Governments as Enforcers
The Labor Rights Declaration is fully realized with the cooperation and interest of governments. Therefore, most developed countries are far better at abiding by labor law standards. In addition to the state’s involvement, capital is a critical factor needed for labor rights implementation which is the fundamental reason why third-world countries often overlook the importance of worker rights.

Most underdeveloped countries need an inflow of investment in order to boost their economies. This goal can be realized with the help of foreign exchange, which comes when international conglomerates want to reduce their labor costs. So, naturally, when financially struggling states are offered handsome remuneration in exchange for cheap human resources, they often sign the deal. But to maintain higher profit margins, little of the revenue generated is spent on the well-being of workers. As a result, the working conditions in factories continue to be dangerously unpleasant.

Increased Exports in Developing Countries
As surprising as it may be, unsafe factory environments and low labor costs often lead to increased exports, resulting in the expansion of growing economies. Exports in Bangladesh and Vietnam increased when labor costs were reduced, leading to trade deals with first-world countries.

The Way Forward
The only way to better the working standards for the labor force in third-world states is to strictly enforce the Declaration of Workers’ Rights, and that’s only possible if governments begin to take an interest in the issue. To learn more about labor law and compliance in 150+ countries, visit Global People Strategist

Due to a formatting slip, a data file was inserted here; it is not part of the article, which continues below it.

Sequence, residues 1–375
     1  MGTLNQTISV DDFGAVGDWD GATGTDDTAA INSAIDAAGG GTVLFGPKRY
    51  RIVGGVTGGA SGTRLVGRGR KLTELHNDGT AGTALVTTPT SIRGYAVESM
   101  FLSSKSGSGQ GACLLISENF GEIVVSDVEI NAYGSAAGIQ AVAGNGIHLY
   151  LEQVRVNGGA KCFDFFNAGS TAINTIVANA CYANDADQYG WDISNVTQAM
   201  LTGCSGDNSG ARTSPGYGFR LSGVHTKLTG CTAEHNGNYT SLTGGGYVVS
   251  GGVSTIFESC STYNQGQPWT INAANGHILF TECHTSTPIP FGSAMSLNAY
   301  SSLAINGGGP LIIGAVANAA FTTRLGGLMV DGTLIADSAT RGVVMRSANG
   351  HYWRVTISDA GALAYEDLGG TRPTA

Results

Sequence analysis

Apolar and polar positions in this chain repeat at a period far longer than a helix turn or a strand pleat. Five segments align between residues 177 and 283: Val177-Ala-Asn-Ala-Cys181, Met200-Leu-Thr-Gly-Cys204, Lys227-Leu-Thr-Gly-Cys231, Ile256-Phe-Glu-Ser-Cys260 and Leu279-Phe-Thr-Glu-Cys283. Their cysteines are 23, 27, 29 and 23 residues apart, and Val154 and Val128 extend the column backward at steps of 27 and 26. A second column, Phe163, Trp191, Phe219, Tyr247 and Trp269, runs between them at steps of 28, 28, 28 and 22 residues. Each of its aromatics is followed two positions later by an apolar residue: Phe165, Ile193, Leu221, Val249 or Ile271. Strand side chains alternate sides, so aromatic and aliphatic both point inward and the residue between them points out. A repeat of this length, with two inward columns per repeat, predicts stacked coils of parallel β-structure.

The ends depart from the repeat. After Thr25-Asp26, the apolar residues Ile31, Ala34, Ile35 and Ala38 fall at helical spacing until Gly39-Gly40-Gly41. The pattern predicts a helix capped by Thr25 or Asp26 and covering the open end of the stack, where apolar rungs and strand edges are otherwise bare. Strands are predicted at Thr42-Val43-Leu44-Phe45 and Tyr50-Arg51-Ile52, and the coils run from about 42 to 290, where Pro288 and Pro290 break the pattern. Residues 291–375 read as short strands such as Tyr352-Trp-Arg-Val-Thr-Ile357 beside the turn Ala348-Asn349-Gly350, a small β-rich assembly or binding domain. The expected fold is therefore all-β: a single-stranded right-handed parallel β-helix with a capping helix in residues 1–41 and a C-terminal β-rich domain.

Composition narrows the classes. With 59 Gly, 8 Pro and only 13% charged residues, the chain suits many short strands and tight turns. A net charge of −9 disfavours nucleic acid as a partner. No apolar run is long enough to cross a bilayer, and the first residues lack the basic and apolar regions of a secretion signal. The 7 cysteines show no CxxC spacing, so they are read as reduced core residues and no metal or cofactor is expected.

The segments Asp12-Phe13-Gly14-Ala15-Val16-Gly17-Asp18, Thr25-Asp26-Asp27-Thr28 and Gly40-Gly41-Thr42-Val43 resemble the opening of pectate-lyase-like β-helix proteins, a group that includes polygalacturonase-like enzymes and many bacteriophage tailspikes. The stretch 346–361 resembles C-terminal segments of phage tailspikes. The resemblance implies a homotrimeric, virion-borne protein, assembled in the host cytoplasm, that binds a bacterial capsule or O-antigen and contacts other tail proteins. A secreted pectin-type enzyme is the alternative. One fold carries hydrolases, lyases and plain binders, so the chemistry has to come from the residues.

Global Payroll Vendor Challenges

What happens when your global payroll vendor cancels your service because your employee count is “too small” for them? One of my clients was in the midst of a divestiture from their parent company and facing cancelation from their global payroll vendor at the same time. They needed a global payroll solution for a small number of global employees and wanted to simplify their US payroll as well, since they were using multiple systems in the US for different functions. There was a lack of data, and no insight or integration across the multiple systems and countries.

As we reviewed all of the challenges they were facing, we decided to tackle each problem and determine the best solution. Since integration and reporting were key issues for this client, we were able to offer US and global payroll through the Paylocity/Blue Marble partnership to provide single-sign-on functionality and consolidated reporting across all countries. The next hurdle was service – their current provider had a call center with very unclear global compliance measures in place. Blue Marble has a dedicated US-based project manager for each client, along with direct access to in-country experts in each country to help with compliance questions.

This client was also looking ahead to growth in the future – they didn’t have an option with their current vendor and wanted scalable solutions for US and global payroll. Blue Marble has a global consulting services team that can help them enter new global markets, hire employees, and manage global HR compliance when the need arises. This client can now start planning future growth because their payroll can keep up.

There will always be challenges managing a global workforce, but your payroll and compliance shouldn’t be an obstacle in the way of company growth. Our cloud-based, integrated tools can help you scale your business overseas while ensuring compliance for your global payroll and HR. If you are struggling with multiple vendors, reporting or lack of data, we can help. Talk to our team and simplify your global process in 2022.



Author – Blue Marble Payroll

Black Mountain Group